How are self-help centers being managed with shrinking resources? This newsroom feature takes a look at two very different centers sharing the same challenges.
Amid COVID-19 pandemic, the deadline to hold criminal trials has been extended a total of 90 days.
Videoconference technology helps deliver self-help services remotely and increases a court's outreach.
Every year, nearly 1.2 million people come to self-help centers in California courthouses seeking guidance with civil cases such as divorces, evictions, and restraining orders. While every county court has its own self-help center, nearly a dozen also use JusticeCorps students to help serve users.
The measures aim to continue essential court services while guarding the health and safety of the public, court employees, attorneys, litigants, judicial officers, law enforcement, and staff and inmates in detention facilities.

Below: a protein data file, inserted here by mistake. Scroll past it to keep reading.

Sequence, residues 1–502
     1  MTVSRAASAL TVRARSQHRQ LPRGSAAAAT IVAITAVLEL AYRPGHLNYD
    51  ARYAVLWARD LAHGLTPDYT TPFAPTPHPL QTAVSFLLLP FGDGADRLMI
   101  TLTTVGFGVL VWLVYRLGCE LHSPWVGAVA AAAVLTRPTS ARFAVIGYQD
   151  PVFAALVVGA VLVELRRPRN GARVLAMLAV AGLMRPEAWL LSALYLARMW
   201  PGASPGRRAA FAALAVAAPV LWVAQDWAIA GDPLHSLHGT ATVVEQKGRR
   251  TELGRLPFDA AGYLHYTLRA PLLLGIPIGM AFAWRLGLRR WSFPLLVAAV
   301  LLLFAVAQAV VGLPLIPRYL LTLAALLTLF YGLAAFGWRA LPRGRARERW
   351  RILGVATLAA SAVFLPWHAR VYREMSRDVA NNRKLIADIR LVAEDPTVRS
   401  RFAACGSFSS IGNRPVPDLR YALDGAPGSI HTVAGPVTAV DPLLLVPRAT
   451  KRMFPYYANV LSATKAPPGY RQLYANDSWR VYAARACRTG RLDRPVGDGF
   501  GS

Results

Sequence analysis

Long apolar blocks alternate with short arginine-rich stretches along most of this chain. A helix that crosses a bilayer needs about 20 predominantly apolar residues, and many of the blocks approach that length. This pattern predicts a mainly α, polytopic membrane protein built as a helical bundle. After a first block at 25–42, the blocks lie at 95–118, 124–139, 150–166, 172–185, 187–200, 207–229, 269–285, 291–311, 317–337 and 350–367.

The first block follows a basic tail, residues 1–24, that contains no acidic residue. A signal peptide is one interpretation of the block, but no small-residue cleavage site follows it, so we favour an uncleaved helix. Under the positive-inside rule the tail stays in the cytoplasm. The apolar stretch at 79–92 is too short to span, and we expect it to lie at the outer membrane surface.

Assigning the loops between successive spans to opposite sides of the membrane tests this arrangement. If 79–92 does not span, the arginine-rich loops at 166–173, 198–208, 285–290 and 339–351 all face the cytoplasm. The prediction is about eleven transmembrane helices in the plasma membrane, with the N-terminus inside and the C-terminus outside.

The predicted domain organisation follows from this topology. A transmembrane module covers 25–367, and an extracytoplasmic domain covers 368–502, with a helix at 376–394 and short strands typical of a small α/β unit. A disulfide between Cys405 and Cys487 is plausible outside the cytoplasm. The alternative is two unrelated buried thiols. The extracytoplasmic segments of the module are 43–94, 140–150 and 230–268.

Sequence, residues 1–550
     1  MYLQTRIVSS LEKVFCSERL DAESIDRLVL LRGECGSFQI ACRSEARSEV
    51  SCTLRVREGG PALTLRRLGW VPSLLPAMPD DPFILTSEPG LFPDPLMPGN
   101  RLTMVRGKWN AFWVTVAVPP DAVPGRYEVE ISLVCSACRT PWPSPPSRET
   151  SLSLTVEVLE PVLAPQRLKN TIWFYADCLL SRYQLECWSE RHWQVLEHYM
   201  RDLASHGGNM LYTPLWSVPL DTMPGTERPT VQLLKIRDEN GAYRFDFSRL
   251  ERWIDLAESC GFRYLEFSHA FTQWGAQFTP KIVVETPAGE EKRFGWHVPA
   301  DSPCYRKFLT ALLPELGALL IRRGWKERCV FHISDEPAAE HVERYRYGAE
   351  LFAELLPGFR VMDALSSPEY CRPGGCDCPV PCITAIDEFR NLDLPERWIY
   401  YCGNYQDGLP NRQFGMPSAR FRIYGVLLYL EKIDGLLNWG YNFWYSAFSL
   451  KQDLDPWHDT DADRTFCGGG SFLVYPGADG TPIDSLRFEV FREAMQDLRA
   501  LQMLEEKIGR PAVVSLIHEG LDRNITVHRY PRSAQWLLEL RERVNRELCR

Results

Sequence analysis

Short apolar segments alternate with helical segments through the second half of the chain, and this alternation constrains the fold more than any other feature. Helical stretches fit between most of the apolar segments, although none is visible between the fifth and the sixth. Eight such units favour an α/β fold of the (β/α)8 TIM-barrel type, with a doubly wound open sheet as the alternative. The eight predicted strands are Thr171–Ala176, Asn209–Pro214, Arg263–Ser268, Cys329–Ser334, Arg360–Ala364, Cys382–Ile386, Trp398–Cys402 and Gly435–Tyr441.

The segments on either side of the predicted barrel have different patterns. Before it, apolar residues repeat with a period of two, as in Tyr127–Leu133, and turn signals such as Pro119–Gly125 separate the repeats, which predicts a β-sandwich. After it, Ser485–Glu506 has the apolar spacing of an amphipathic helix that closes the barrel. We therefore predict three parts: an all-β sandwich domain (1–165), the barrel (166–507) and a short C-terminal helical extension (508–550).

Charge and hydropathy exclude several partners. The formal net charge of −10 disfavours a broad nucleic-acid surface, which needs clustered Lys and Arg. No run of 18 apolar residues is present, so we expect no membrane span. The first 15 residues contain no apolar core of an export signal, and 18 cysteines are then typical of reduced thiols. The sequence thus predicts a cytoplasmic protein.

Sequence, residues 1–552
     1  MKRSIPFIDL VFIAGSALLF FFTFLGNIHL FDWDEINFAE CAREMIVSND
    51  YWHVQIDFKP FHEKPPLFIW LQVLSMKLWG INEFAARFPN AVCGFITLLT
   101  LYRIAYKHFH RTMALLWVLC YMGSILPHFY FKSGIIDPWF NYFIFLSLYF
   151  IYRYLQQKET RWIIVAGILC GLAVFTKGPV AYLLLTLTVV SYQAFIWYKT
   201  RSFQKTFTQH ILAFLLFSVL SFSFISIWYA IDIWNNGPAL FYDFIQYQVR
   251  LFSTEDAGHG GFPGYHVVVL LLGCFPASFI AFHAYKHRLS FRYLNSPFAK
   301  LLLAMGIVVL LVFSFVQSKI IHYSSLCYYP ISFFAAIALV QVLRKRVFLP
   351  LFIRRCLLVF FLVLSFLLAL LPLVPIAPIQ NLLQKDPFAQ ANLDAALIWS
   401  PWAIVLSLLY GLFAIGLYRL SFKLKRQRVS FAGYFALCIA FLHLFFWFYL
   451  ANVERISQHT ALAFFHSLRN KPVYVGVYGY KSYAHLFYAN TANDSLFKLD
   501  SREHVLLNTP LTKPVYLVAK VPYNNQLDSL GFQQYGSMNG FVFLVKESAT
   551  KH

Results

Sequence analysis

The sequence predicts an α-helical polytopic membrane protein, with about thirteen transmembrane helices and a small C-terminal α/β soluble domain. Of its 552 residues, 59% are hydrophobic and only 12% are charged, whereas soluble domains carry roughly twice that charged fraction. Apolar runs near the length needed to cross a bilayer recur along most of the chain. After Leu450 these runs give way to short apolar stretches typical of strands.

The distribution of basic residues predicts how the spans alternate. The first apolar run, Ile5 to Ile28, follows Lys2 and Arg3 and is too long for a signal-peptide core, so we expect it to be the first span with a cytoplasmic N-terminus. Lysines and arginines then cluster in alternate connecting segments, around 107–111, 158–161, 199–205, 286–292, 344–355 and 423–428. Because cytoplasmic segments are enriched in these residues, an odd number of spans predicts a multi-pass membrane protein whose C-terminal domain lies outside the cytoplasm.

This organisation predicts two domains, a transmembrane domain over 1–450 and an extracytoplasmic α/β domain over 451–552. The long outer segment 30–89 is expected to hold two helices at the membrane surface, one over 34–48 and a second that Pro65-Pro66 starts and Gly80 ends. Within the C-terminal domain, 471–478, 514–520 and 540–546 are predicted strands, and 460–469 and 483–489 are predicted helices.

A pilot program that funds free legal services for low-income Californians facing critical civil cases drastically increased the likelihood of settlement, improved the longevity of court orders, and reduced court costs, a new study shows.
In a commentary, Justice Mariano-Florentino Cuéllar reflects on growing up in the Imperial Valley and progress achieved through the Keeping Kids in School and Out of Court Initiative.